Aaron Harper: I will tell you that the people that I am bringing into the system have the expectation that they are building a 10 to 20 truck enterprise plus and want to go into other markets. And we've been very selective with who comes in because those are the types of franchisees. That we're attracting that we're signing up, we're bringing in C level executives, multiple different C level executives leaving white collar America with tremendous amount of capital to go build a really sophisticated blue collar business.

my expectation is that it's our job to help deliver that right as a franchise but it's also. they've underwritten the opportunity to say, this is doable. You know what I mean? Like these are very sophisticated people. . Most of them have come from Twitter from the space that you guys are a part of and I'm a part of but we'll see in five years. The expectation is that it's going to be big business. Like I'm planning to build the biggest power washing company in the world. With a bunch of really successful franchisees that all have the same goals in mind,

John Wilson: So 10 to 20 trucks

Aaron Harper: So our franchise disclosure document, I have the last three years of what a truck does, based on our FTD, the EBITDA per truck, like everything. So our trucks do 373, 000 top line with 147, 000 EBITDA that's at scale. So we have five trucks that operate full time in the Northeast is 205 days out of the year. So

John Wilson: That was one of my next Is like, it's freezing. What do you do?

Aaron Harper: If it's 40 or above, we're powerwashing. Yeah.

Jack Carr: I'm enjoying. We're doing all business., man.

Aaron Harper: We do 80 percent of our revenue in about nine months. Our corporate location, we do a little over 2. 2, we do 80 percent of that from March

Jack Carr: Does the business move indoors though? So the last 20 percent is indoor pressure washing, or that's not even a thing?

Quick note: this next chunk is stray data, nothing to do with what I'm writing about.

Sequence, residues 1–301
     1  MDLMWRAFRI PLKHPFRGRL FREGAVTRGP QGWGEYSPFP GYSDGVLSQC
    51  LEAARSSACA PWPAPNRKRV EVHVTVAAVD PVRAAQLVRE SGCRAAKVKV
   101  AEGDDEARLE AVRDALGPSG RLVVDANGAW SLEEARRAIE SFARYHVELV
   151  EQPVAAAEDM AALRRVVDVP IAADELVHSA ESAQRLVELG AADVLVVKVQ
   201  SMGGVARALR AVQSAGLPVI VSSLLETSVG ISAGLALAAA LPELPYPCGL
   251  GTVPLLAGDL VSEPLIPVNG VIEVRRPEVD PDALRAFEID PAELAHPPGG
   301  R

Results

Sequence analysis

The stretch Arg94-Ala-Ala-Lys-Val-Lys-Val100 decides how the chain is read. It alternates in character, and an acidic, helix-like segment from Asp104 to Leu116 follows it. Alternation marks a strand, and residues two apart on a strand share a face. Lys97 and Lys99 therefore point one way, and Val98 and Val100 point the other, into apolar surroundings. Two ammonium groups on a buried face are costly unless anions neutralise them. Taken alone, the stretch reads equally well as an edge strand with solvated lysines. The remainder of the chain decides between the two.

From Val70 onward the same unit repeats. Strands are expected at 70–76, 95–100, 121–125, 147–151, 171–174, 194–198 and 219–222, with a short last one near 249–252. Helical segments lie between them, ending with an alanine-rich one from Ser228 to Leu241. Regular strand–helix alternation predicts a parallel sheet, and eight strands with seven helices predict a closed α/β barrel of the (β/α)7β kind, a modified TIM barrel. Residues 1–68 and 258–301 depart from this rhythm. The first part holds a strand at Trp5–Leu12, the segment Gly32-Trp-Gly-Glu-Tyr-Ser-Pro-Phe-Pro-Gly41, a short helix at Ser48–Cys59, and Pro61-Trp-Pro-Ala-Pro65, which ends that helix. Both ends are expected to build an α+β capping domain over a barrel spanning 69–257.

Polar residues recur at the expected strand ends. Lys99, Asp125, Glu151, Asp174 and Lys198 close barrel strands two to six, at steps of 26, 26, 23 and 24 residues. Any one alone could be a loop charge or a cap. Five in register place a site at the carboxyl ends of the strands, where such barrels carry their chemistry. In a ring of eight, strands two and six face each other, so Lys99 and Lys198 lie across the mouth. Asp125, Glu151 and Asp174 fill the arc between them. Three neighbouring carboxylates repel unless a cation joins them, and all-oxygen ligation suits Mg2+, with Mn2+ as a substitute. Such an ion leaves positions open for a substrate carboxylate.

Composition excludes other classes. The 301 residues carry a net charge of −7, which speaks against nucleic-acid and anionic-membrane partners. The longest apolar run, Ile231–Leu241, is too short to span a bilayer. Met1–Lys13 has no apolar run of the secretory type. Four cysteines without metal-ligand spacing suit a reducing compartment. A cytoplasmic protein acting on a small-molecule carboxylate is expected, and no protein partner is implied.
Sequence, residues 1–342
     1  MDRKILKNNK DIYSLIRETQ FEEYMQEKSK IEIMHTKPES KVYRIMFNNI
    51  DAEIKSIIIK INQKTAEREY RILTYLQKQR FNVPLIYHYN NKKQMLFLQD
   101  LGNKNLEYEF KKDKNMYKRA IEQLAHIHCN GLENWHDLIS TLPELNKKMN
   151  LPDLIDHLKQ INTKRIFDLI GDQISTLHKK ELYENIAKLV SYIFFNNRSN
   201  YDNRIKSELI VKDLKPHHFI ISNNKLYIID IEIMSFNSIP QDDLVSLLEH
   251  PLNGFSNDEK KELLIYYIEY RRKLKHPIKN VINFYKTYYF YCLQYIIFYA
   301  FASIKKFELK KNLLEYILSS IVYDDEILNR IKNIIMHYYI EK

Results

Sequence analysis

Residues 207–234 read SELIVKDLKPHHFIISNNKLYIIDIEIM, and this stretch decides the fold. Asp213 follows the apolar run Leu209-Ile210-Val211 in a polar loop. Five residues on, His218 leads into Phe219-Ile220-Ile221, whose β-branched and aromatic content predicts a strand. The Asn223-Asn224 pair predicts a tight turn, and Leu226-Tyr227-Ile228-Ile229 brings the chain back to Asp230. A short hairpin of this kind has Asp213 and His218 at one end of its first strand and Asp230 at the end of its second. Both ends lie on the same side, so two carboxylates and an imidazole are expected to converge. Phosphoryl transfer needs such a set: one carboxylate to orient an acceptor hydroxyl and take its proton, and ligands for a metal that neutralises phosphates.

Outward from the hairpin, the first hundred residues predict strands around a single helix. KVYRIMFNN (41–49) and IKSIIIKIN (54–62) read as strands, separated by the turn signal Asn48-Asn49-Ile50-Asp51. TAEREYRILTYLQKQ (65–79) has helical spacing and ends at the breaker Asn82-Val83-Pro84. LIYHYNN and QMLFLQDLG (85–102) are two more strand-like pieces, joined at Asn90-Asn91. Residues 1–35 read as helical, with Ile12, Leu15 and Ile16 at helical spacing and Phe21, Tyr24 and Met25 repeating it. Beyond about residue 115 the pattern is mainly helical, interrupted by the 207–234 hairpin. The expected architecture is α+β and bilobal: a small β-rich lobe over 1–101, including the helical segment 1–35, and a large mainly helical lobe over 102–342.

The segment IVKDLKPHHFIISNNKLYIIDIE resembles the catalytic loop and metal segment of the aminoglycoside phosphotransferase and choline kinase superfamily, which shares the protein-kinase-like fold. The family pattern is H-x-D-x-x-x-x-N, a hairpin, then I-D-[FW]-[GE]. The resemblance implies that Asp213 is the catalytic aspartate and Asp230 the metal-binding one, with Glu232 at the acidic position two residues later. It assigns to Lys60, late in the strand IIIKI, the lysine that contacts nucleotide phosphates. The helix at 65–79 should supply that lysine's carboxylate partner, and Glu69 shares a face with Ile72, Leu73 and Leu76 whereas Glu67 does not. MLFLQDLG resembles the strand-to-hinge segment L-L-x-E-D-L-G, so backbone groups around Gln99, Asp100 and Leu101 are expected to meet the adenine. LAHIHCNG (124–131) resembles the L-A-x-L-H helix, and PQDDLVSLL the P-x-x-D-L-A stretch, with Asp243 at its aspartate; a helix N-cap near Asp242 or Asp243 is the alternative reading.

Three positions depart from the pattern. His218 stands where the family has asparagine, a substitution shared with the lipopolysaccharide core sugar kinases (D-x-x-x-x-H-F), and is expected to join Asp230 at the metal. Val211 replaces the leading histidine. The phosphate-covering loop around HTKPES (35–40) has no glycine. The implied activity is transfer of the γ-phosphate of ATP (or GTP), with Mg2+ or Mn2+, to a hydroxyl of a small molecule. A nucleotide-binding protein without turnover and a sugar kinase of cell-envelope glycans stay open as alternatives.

Aaron Harper: Nope. And I will say commercial is less seasonal than residential. If we were a predominantly residential business, then it'd be a much more seasonal business. Commercial what we'll do is we'll say, Hey, Mr. Property Manager, if you need us to come out in May, it's going to be this much. Or if we can come and do it in October before your fiscal year is over at any point in October, it'll be this much.

And so that helps offset the seasonality a little bit. So then you just set up your recurring yearly cleanings or every 2 year cleanings during the slower months because residential is hot and heavy from, like, March to August, like, you're October grinding. Doing five, six residential jobs a day.

John Wilson: Equipment cost. Is this like, A hundred grand

Aaron Harper: Our trucks are about 135 grand

John Wilson: Okay. So that's like a sewer jetting.

Jack Carr: I was just going to say, it's not much different than a sewer jetting or even a used pump truck.

Aaron Harper: We need 16 foot chassis. So we use a Zuzu NRRs or Ford five fifties or they got to carry 19, 500 GBW gross vehicle weight because we carry a thousand gallons of liquid. Just the, entry point of the actual truck to carry that water is 80 $5,000 before the box, before the equipment, before the wrap, before the installation, all